Procedure Planning and Technique

For the procedure we used the AutoLITT® (Monteris Medical Inc., Winnipeg, Canada) system which has received FDA 510(k) clearance for clinical use in the United States since 2009 without specific limitation for intracranial use. The device consists of: (a) a fiber-optic laser probe, (b) patient-probe interface, (c) probe driver, and (d) MR trajectory planning and thermometry workstation. This integrates with non-Monteris devices including a head-fixation device, 1.5 Tesla (T) intraoperative MRI scanner, and a Dornier diode laser (1,064 nm), CO2-cooled, focused, pulse-sequence diode laser which emits a beam 90° orthogonal to the probe. The novel technologies in this device allow the laser probe to focus energy in one specific direction (perpendicular to its tip) rather than in the omnidirectional pattern of previously used bare fiber-optic laser probes. In addition, gaseous cooling is used to prevent heat dissipation to adjacent, nontargeted areas. The combination of focused energy delivery and gaseous cooling of the tip allows for conformal treatments. The probe, laser, and cooling are remotely controlled using real-time MR imaging and thermometry software.

Based on the temperatures reached within the lesion, three zones have been defined which can be visualized on the Monteris workstation while performing the procedure. Zone 1 is the region where maximal thermal damage has occurred, zone 2 is the outer limit of effective ablation, and zone 3 is where thermal changes occur without ablative effect (fig. 3). The goal of the procedure is to encompass the entire lesion within ablation zone 2 in order to be effective.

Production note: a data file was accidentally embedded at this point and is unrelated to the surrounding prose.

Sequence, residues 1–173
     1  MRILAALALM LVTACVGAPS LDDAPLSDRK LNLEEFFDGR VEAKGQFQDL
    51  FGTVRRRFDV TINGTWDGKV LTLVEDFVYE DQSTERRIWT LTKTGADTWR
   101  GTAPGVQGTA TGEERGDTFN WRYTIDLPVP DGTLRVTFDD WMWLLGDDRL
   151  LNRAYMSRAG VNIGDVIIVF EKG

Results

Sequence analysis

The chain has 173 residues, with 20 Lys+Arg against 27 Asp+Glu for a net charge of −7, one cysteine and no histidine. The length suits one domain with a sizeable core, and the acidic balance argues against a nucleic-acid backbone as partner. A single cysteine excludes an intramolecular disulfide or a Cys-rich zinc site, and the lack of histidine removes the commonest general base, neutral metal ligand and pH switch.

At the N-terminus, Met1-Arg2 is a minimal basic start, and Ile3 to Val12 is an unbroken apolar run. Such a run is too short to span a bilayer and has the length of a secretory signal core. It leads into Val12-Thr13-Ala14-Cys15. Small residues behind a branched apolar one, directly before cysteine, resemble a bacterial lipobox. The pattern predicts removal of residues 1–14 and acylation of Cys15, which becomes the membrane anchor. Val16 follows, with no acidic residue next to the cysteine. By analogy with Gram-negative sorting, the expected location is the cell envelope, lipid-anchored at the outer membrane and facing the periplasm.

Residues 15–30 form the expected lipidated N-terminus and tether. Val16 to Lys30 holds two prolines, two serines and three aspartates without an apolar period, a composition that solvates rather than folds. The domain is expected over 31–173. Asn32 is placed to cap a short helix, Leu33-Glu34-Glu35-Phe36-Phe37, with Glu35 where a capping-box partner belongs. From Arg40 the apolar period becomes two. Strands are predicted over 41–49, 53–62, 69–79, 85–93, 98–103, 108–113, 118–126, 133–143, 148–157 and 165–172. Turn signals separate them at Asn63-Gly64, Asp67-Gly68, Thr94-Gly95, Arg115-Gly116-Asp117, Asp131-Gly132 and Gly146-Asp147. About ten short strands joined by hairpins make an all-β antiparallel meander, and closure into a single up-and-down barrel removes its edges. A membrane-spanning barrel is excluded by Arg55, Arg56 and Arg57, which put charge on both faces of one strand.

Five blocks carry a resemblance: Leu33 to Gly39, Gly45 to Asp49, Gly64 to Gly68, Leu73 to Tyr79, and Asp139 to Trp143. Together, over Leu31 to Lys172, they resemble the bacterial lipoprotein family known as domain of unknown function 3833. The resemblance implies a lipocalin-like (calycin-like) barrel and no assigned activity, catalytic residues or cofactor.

Fig. 3

Zones of thermal lesioning: zone 1 (damage area boundary) within the white line being the region of maximal thermal damage, zone 2 (intermediate zone boundary) within the blue line indicating an effective ablation, and zone 3 (outer boundary) within the yellow line indicating temperature changes without any ablative effect. This figure is only representative of the various zones of thermal ablation.

http://www.karger.com/WebMaterial/ShowPic/211030

Under general anesthesia in the high-field (1.5 T) Intraoperative MR Suite (IMRIS™, Winnipeg, Canada), the patient was appropriately positioned. Trajectory planning was done using BrainLab iPlan® software (BrainLab™, Munich, Germany). The Stereotactic Miniframe (AXiiiS™, Winnipeg, Canada) was percutaneously fixed using image guidance (BrainLab™ VectorVision® Sky, Munich, Germany) locking the device to the tumor-intercept trajectory as planned by the surgeon. Using a drill guide, a 5-mm burr hole was then created along the trajectory. An MRI was done to confirm the intraoperative trajectory using the mobile MR scanner (fig. 4a). A stereotactic biopsy was performed prior to beginning the actual treatment. The biopsy revealed the presence of necrotic tissue without any evidence of tumor cells, consistent with radionecrosis. A 3-D model was used to confirm the trajectory and probe alignment, and calculate the appropriate length of the laser probe required to reach the target point (fig. 4b). Once the laser probe was in place, the ablation procedure began with the patient being in the isocenter of the MRI. Thermal ablation was started in the deepest portion of the lesion and gradually moved to the apex. The probe was manipulated axially and rotationally to focus the laser on different areas until the entire lesion was within zone 2. Once completed, the laser probe and stereotactic miniframe were removed, the burr hole and skin incision were closed in the usual fashion.

Fig. 4